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Anritsu's RF synthesizers span 'DC to daylight'

Posted: 31 Jan 2005 ?? ?Print Version ?Bookmark and Share

Keywords:anritsu? mg369xb? rf synthesizer? mg3691b? mg3692b?

Here's another example of a leading-edge RF product that's in lockstep with the wireless design revolution. Anritsu's high output-power menu-driven series MG369XB RF synthesizers are microprocessor-controlled signal generators touting very high resolution phase-locking.

They can generate both discrete CW (continuous wave), as well as broadband and narrowband step sweeps, and will do that across a frequency range of 2GHz to 65GHz, with phase offset adjustable in 0.1 steps.

What's more, a DDS (direct digital synthesizer) option will take one of these models down to just 0.1Hz (for CW and step sweep modes only; modulation and analog sweep aren't available at these low frequencies). The DDS imparts the family with the proverbial DC to light coverage, with frequency resolution to an amazing 0.01Hz (0.02Hz below 10MHz).

Modularity makes for cost-effectiveness
Six models are available, plus optional modules, which makes for cost-effectiveness. You can buy only what you need. The MG3691B covers 2GHz to 10GHz. An MG3692B increases coverage out to 20GHz, and a MG3693B brings you to 30GHz.

Similarly, a Model MG3694B extends coverage to 40GHz, and an MG3695B goes to 50GHz. Finally, the MG3696B spans 2GHz to 65GHz (it's operational to 67GHz).

Moving in the other direction, an optional down-converter can give you low phase-noise coverage from 10MHz to 2GHz. Phase noise is typically less than 130dBc/Hz (at 1GHz with 10kHz offset).

Actually, two options are available to extend the 2GHz low-end limit of MG3690B base models down to 10MHz. Option 4 uses a digital down-converter, with successive divide-by-2 circuitry. It offers the best phase-noise performance of the two choices, but trades off some analog performance below 500MHz.

In that range, analog sweep mode isn't available, and pulse modulation performance is typical. In addition, the frequency modulation and phase-modulation modulation index is scaled by the division ratio of each band of the digital down-converter. Option 5, however, maintains analog performance by using a heterodyne mixing down-conversion scheme.

Plentiful options
Kudos to Anritsu for offering these plentiful options, but there are more. You can opt for both mechanical and electronic step attenuators, special IF (intermediate frequency) inputs, an RF power monitor, and various pulse, AM, FM and phase modulation options, as well as a function generator, to name just a few. The IF-input option permits up-conversion of an externally IQ (in-phase and quadrature) modulated RF signal.

You also get flexible triggering choices, both internal and external. Sweep triggering is provided to do an analog frequency sweep, a step frequency sweep, a list frequency sweep and a CW power sweep. In Auto mode, triggers sweep automatically.

External triggers can sweep on low-to-high transitions of an external TTL signal. These TTL triggers can be applied at a rear-panel connector.

GPIB- compatible
Not mentioned in the company's press release is that although you can drive one of these MG3690B series synthesizers from its front panel, almost all functions are also remotely controllable using IEEE-488/GPIB (the General Purpose Interface Bus). Switching speed is typically just 5ms (for 1GHz steps), making these boxes suitable for fast-throughput RF test suites.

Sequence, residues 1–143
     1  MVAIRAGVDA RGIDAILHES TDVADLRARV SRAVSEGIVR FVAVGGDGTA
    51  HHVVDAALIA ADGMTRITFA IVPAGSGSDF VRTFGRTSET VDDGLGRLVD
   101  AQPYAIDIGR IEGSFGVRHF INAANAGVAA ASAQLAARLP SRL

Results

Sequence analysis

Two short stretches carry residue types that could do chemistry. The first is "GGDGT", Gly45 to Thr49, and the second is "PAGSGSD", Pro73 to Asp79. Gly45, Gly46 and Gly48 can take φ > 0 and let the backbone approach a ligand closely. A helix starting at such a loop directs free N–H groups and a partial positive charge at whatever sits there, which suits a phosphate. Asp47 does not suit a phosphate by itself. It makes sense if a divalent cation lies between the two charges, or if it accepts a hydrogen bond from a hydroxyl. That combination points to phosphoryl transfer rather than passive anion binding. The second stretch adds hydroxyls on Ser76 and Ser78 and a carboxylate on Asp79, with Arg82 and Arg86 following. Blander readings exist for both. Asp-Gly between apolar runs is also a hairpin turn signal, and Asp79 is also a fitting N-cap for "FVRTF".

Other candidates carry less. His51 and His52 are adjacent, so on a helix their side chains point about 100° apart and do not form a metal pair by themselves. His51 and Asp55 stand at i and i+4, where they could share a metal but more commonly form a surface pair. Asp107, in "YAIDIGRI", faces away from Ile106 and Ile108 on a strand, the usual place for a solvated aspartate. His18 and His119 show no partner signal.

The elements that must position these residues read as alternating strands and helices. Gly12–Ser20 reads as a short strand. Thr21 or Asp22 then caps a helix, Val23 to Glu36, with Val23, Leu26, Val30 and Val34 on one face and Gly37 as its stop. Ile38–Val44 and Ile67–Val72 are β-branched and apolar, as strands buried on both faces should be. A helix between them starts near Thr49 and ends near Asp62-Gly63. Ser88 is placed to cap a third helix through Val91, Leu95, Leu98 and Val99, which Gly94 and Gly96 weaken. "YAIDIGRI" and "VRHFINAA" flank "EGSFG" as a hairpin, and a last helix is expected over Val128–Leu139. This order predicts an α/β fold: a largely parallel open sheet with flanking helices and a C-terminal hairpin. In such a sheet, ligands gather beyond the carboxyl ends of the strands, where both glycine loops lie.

Whether you use GPIB or the front panel, the generator's output frequency can be swept digitally or using an analog ramp sweep, and a CW output can be phase offset or locked within an external PLL (phase locked loop). Amplitude, frequency, phase, and pulse modulation is also available, and the modulation can be applied from an external source or derived internally.

Under GPIB control or front panel control, up to four tables, with 2,000 non-sequential frequency/power sets, can be stored and then addressed as a phase-locked step sweep. One table of 2,000 points is stored in non-volatile memory, with the others stored in volatile memory.

Of course, you can select a manual sweep mode, too. It supports stepped, phase-locked adjustment of frequency between sweep limits, and the number of steps or step size is selectable.

Also, under GPIB control, more than 3,000 non-sequential frequency sets and power sets can be stored and addressed as a phase-locked step sweep. This data is also stored in volatile memory.

Software control
Software is also available that lets you apply various user-defined modulation types, some simultaneously. The software also permits down-loading user-defined modulation waveforms.

Finally, Anritsu makes provision for operating two instruments in a master-slave configuration. Beyond that, you can also readily hitch a MG3690B to Anritsu's Model 56100A scalar network analyzer. In that capacity, the synthesizer serves as the stable and settable signal source for the network analyzer.

Likewise, you can also connect a MG3690B to Anritsu's Model 360B VNA (vector network analyzer). The MG3690B then works as a signal source for the analyzer operating in a tracking receiver mode.

To its credit, Anritsu supports the MG3690B's ready use with popular instruments from other vendors, too. For example, if it has pulse modulation installed, you can let it serve as the RF source for a Gigatronics Model 8003 scalar network analyzer. Similarly, if your MG3690B has the pulse option installed, you can rapidly connect it to a Hewlett-Packard Model 8757D or Model 8757E scalar network analyzer.

- Alex Mendelsohn
eeProductCenter




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